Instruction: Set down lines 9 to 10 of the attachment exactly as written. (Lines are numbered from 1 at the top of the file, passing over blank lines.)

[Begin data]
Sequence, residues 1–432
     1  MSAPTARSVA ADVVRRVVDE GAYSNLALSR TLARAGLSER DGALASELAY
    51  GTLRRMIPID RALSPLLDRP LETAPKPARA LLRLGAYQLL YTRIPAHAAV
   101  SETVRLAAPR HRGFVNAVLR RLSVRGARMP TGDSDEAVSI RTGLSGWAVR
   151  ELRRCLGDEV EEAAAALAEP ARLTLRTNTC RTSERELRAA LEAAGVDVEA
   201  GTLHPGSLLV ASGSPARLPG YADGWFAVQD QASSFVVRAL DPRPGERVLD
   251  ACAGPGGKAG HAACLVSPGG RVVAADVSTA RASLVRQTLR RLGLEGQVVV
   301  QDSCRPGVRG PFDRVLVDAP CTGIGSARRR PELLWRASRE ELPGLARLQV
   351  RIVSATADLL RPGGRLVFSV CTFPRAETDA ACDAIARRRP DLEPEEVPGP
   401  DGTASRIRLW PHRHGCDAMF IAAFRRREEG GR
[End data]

   351  RIVSATADLL RPGGRLVFSV CTFPRAETDA ACDAIARRRP DLEPEEVPGP
   401  DGTASRIRLW PHRHGCDAMF IAAFRRREEG GR